SEAN FREDERICK FORBES

xi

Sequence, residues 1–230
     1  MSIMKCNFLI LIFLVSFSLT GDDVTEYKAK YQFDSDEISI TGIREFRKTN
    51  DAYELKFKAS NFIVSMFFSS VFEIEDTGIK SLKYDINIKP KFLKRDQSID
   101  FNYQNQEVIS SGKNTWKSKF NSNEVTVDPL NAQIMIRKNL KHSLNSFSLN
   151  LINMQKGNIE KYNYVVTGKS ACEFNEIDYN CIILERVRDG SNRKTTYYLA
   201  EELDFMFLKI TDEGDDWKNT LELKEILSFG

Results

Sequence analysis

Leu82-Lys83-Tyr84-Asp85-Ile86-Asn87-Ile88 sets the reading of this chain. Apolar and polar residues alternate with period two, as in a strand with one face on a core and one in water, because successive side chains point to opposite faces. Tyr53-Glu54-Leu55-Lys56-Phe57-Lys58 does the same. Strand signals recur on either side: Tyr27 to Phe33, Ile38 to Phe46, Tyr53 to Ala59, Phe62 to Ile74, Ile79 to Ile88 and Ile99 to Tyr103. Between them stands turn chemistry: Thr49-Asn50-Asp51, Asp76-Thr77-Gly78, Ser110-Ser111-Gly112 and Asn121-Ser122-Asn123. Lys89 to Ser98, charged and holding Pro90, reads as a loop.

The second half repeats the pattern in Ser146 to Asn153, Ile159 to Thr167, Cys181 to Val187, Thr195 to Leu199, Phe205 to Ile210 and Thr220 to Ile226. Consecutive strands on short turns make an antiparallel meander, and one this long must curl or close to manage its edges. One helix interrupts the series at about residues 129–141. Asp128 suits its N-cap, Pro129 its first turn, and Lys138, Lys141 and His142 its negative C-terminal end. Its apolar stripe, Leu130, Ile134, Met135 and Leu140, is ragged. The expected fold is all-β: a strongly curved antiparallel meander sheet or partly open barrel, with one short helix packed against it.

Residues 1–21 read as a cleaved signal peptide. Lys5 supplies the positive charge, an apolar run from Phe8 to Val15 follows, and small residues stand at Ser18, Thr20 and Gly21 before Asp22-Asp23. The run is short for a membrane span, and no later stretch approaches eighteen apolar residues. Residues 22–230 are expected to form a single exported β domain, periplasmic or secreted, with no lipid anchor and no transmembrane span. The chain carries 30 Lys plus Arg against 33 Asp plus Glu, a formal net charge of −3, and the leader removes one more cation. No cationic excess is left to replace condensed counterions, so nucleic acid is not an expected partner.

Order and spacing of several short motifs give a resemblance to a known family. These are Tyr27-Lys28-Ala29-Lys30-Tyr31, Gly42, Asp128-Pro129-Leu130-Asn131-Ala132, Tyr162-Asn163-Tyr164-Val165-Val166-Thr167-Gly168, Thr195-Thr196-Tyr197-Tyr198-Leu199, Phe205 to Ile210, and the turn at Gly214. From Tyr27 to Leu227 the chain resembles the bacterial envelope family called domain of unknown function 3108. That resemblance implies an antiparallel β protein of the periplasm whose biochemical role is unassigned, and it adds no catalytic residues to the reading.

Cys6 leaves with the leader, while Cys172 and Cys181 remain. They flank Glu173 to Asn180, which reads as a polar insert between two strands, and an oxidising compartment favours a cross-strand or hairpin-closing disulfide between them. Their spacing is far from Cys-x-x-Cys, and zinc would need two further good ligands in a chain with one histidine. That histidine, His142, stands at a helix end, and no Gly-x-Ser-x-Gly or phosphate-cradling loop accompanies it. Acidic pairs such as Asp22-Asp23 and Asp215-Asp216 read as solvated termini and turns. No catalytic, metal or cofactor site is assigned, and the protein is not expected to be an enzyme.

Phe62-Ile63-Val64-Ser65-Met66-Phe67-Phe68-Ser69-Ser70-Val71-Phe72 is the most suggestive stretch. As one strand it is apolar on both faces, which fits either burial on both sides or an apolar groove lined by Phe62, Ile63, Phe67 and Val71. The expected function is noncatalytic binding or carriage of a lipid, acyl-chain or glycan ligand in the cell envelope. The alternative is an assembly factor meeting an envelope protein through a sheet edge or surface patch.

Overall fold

with lies, I was called a liar. The more I worked on Providencia, the more I saw that my experiences and search for identity connected me to Lorde and Cliff rather than to male Afro-Caribbean poets like Derek Walcott or Edward Kamau Brathwaite. Moreover, more so than with the male poets, I identified with the risks Lorde and Cliff took in writing about sexual as well as ethnic and racial identity. Their writings moved me on many levels, and I wanted to do the same. Growing up in a predominantly African-American neighborhood in Southside Jamaica, Queens as a mixed-race boy with light skin and “good hair,” and discovering at the age of ten my attraction to men, I understood that I was different. At home, I was chastised for being terrible at sports, and for being overly sensitive, or “outlandishly dramatic.” In both the public and private realm, I was an outcast. I felt a loneliness that, as Thomas Glave writes in his Introduction to Our Caribbean, was “the most painful, inexpressible loneliness: one that, as the years passed me from childhood to adolescence to adulthood, grew increasingly agonizing.”(7) I soon began to realize that this agonizing loneliness was a highly disruptive force with one likely result: my destruction. I turned to reading and to writing poetry as a means of transforming this negative force into a positive one. The title of my book not only pays homage to my ancestral island, but also illustrates the fact that writing the book, as the word “providence” denotes, was my destiny. As I was putting the poems in order, I began to realize that there was a psychic force behind the project as a whole. For instance, out of my maternal grandmother’s twelve grandchildren, I am the closest to her. I was the ninth child she raised. I spent most of my time after school and on the weekends in the kitchen with her, and I listened intently to the stories she told me about her life in Providencia. The incantatory nature of her patois, the cadence of her words, the images she evoked became poetry to my ears, and I tried my best to replicate the same nuances in my own poems. As I wrote and revised the poems in Providencia, I noticed that a literal shape-shifting occurred, in not only the poems, but within me as well. I once felt like an outsider in my family and in the neighborhood I grew up in, but it wasn’t until I was a graduate student that I found a space that allowed me to discover who I was as a scholar and poet. But there were battles I still had to endure, such as being the only gay person of color in many of my graduate seminars. I doubted both my creative and academic writing abilities, and felt that I wasn’t worthy of obtaining a Ph.D. The trickster became a symbolic and literal figure of strength and survival for me as a poet. It is my hope that the poems in my book will extend the lineage of the trickster figure that has